St. Louis Cardinals -- Since this is a Cardinal blog, I figured we may as well begin here. The Cards currently find themselves in a dogfight atop the NL Central with the Cincinnati Reds, and it doesn't look as if either team is going to go away all that soon. That said, the Cards are still very much one of the top teams in the National League; they've underperformed their Pythagorean record and have the best record in the NL looking at third-order wins. Put simply, the Cards are most definitely in, and they'll be looking to improve the team as the summer goes on. 

Needs -- The Cards' middle infield has been absolutely dreadful, even with Felipe Lopez providing solid offense on a nightly basis. The braintrust seems to still have faith in both Brendan Ryan and Skip Schumaker, but I wonder if that would preclude the acquisition of an upgrade in the middle of the diamond. (And no, Aaron Miles does not count as an upgrade.) The timetables on both Brad Penny and Kyle Lohse remain hazy; another starter could be a definite possiblity. The emergence of Jason Motte has made the back end of the bullpen much stronger, and relief help now looks like a much lower priority.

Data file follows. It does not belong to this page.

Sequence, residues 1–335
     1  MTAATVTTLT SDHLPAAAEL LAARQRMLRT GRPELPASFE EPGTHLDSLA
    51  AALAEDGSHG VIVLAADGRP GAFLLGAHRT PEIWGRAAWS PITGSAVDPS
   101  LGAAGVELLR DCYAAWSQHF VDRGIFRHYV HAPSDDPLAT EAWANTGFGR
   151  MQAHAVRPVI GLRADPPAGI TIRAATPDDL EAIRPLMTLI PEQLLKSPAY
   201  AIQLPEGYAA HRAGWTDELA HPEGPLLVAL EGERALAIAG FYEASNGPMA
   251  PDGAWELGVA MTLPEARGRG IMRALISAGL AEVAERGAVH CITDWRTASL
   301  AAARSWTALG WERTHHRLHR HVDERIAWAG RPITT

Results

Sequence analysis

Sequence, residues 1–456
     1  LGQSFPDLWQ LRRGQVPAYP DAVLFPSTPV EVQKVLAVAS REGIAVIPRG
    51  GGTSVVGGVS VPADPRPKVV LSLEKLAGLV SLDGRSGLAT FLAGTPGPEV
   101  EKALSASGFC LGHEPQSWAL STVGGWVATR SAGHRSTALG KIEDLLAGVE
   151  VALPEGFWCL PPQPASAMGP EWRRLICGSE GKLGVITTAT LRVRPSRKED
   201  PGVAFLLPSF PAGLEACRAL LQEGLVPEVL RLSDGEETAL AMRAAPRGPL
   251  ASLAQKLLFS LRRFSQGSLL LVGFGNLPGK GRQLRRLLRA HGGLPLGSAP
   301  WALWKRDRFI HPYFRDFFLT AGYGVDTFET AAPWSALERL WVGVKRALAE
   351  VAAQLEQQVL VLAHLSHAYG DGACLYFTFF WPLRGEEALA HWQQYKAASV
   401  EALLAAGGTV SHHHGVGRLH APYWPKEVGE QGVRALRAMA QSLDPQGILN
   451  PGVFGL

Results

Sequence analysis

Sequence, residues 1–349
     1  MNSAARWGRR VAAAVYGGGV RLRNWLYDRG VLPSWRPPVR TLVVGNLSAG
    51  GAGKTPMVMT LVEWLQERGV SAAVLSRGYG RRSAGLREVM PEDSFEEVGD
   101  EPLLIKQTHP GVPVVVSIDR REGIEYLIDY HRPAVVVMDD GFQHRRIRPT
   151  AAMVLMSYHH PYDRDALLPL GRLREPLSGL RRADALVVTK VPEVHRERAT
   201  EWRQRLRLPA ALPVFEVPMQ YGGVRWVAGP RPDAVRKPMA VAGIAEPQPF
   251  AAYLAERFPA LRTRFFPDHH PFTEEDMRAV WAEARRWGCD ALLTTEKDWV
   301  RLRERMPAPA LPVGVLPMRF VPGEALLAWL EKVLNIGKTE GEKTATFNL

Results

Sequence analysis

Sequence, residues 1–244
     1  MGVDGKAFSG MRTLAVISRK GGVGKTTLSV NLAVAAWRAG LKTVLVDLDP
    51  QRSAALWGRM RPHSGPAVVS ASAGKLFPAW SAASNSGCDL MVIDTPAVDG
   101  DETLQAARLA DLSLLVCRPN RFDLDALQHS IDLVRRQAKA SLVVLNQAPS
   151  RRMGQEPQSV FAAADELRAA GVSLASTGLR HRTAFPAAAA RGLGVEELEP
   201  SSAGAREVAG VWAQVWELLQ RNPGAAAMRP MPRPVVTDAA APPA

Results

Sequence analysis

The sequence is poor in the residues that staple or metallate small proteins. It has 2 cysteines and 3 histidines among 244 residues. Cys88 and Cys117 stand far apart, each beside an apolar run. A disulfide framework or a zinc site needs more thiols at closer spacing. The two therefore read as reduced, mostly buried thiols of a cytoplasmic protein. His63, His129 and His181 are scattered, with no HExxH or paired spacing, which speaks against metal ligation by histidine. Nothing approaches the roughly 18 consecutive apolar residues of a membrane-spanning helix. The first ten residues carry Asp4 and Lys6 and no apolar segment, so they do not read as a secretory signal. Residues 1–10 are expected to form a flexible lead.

The problem, of course, is that the Cards used up most of their ammo for trading last summer; any upgrades they do make will be marginal at best, considering the dearth of tradeable assets. 

Philadelphia Phillies -- The Phillies have struggled lately in a big way, and look much more vulnerable this season than they have the last couple. The offense isn't quite what it was, and they're fighting it out with the rest of the NL East rather than simply dominating. 

Needs -- Another starting pitcher, though with J.A. Happ hopefully returning soon from injury that may be less of a need. The back end of the bullpen has been unsettled, and if the Phils plan on returning to the fall classic for a third consecutive season they may need to find some help in closing out games.